• 30 per cent had marked disturbances in behaviour and interaction with parents;
• 30 per cent were diagnosed with severe parent–child relationship problems, particularly separation anxiety and oppositional behaviour.”

“That sounds pretty bad,” Lawrence says as he lights up a cigarette.

“Hey I thought you gave up?”

“I only smoke when I’m upset. Please go on.”

“Well this was only one of the 346 submissions received by the inquiry.”

“So, the solution is pretty simple then. Detention is really screwing with these kids’ minds, so release them. It’s not rocket science.”

“Yes, that does seem logical. The report did in fact recommend that the government release the children and their families no later than four weeks after its tabling in parliament.”

“So, what did the government say? Were there apologies? Did anyone get the sack? Were people sent to jail?”

“I’ve got the press release here. I’ll read it to you, word for word:

“The government rejects the major findings and recommendations contained in this report. The government also rejects the Commission's view that Australia's system of immigration detention is inconsistent with our obligations under the United Nations Convention on the Rights of the Child.”

“They said that?”

“In those exact words, yes.”

“So they didn’t admit liability?”

“No, they didn’t. But later in 2004 the minister released a statement saying that only one boat child was left in detention.”

“Wow, that’s fantastic!? What a victory for you.”

“Actually, no it wasn’t. The minister did not count the boat arrival children imprisoned in Nauru, Christmas Island or the Port Augusta Residential Housing Project, nor did she count children who arrived by plane imprisoned in Villawood, Maribyrnong and Baxter detention centres.”

“Really?! But I mean surely…Well what about the courts, surely they can do something?”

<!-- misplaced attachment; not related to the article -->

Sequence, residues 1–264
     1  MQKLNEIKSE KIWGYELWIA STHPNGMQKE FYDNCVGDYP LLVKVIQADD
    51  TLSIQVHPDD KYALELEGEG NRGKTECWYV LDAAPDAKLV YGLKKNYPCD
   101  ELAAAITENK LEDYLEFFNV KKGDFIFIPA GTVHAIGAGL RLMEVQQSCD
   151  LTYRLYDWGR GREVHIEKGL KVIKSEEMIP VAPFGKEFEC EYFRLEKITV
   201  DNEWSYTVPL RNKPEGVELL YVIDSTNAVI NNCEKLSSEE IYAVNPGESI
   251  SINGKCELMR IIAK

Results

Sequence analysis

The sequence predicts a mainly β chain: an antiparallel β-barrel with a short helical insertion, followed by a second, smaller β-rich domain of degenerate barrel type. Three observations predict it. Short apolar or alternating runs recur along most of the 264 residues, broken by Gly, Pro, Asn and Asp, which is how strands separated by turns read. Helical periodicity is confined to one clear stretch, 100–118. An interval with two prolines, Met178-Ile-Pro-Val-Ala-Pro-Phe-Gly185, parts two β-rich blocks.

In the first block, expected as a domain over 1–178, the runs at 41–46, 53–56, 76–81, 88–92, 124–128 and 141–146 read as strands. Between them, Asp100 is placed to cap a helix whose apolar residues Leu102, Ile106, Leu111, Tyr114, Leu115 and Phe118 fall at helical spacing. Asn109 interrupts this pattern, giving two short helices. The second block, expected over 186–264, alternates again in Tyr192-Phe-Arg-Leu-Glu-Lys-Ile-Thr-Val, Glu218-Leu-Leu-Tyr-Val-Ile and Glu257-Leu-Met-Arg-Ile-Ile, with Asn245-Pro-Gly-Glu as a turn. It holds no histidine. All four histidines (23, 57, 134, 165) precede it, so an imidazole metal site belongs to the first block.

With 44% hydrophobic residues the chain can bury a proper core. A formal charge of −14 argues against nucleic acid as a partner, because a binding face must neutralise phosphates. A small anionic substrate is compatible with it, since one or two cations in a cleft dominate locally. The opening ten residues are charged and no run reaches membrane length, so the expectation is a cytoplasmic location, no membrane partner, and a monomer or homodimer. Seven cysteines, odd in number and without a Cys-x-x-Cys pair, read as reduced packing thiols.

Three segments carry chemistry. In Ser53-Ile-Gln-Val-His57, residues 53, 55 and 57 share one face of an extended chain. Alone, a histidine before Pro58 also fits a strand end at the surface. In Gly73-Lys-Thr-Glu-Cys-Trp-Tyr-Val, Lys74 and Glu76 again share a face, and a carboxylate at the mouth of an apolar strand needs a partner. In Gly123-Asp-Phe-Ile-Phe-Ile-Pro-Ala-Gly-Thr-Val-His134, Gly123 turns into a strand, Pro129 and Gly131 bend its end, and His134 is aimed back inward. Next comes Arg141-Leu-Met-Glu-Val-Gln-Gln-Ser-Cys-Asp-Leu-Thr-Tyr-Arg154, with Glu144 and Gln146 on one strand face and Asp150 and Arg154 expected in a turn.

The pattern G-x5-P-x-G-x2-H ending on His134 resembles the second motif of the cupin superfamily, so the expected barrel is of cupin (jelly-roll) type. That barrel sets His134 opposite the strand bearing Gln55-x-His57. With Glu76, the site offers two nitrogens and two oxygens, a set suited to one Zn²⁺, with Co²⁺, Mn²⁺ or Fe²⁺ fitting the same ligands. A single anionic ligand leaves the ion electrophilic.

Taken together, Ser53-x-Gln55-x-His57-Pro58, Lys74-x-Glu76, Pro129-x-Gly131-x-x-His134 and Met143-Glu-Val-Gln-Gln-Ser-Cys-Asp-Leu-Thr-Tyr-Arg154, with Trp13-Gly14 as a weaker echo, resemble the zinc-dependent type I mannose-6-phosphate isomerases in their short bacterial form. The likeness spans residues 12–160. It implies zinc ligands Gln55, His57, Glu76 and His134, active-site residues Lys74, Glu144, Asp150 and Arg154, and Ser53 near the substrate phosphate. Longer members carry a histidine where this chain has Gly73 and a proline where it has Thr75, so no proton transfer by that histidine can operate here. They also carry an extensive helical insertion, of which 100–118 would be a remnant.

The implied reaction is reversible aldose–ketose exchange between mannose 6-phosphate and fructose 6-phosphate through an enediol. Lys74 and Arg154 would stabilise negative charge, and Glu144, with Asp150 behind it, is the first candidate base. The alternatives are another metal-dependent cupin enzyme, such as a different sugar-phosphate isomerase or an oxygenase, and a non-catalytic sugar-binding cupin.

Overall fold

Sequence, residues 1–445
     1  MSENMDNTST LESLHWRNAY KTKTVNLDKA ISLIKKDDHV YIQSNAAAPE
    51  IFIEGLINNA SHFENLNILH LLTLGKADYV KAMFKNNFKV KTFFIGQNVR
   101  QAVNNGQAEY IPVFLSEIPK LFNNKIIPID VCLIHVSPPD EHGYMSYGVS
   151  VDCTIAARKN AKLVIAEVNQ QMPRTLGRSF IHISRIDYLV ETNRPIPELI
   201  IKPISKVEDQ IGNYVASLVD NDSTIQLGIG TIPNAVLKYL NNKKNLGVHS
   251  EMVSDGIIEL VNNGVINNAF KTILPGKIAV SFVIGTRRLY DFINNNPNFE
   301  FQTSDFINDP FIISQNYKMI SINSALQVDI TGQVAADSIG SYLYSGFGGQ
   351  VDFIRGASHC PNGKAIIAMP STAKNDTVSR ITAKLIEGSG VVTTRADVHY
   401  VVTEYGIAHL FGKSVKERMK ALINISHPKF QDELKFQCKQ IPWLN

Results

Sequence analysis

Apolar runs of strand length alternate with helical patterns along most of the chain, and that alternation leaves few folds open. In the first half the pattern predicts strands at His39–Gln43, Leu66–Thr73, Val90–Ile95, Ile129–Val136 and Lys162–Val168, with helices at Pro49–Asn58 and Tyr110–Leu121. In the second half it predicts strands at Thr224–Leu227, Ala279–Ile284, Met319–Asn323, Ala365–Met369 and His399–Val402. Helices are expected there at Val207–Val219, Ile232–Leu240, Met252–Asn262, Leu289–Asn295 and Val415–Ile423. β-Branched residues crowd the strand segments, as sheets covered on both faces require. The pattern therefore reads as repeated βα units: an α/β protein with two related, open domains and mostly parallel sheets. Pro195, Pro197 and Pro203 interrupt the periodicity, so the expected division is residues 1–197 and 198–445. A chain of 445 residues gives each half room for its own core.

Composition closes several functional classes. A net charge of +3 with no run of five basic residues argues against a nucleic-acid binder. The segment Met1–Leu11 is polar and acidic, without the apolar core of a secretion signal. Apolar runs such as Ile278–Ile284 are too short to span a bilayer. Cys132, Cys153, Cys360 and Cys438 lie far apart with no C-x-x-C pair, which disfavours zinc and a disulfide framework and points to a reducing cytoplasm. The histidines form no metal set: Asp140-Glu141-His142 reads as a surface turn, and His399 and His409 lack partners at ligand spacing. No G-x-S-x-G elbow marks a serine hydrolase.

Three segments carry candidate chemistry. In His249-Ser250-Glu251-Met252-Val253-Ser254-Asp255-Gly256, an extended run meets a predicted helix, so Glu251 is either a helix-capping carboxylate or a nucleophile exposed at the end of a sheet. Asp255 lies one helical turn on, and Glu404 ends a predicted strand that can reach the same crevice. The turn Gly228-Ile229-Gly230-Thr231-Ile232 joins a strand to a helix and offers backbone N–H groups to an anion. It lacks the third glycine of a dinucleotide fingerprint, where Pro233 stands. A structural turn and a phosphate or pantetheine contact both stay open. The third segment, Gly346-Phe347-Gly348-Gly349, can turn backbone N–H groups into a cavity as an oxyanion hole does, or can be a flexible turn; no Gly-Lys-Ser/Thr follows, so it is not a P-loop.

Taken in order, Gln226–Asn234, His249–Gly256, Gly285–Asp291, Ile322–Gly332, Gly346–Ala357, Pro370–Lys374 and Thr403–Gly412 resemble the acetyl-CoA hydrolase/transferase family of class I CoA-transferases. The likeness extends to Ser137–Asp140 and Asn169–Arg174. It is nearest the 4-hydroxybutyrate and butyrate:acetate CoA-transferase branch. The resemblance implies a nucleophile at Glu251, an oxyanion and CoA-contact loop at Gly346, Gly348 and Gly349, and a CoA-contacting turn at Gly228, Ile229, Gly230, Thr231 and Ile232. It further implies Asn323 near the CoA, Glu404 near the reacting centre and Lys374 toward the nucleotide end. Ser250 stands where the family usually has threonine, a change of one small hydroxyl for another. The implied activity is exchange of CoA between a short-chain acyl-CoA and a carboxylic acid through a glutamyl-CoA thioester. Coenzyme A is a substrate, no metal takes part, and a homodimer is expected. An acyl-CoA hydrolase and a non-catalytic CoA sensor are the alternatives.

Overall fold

“Well there are pretty significant gaps in our laws that mean this system of detention can just keep on going. The Australian government has fought cases all the way to the High Court and won. These cases have confirmed that children and their families can remain in immigration detention indefinitely, and without charge. The government has also changed legislation to make it much harder to appeal to some of the courts.”

“That’s so awful. How can they do that? I suppose they can do whatever they like. Now that the anniversary is coming round, what has the government done to improve the lives of these kids?”

“Just a few days ago that question was put to the head of the Department of Immigration, Bill Farmer and he said:

"We have had no specific directions from the minister about the HREOC report."

He also said, “We also learnt lessons from our own operations and if there's an idea that we think should be implemented we will look at that seriously and do what we can to implement it.”

“When asked to give examples of any changes that had taken place he couldn’t or didn’t provide any.”

“He didn’t provide a single example of something to make the lives of the kids better?”

“Not one.”

“But that’s disgusting. How can a whole department, in the wake of a 900 page report, ignore all its major findings and recommendations?”

“To tell the truth I don’t rightly know. What I do know is that we can’t make better what we don’t acknowledge. If we can’t admit that the system is wrong and we continue to surreptitiously release children from detention how can things ever change?”

Lawrence snuffs out his cigarette and looks me square in the face, “You’ve just got to keep going. Keep telling people. One day the right person is going to hear and things will change.”

After almost four years of battling to release children I would forgive anyone their need to bow out of the fight. But no matter how tired we are the detained children are even more tired, imprisoned without charge or time limitations. Their childhoods slip away so quickly.

Visit us at

To read the report of the national inquiry into children in immigration detention 2004 see (last accessed 9 May 2004)

For more information on the legal aspects of children in detention read Norden P (2004) (last accessed 9 May 2004).


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9:35 am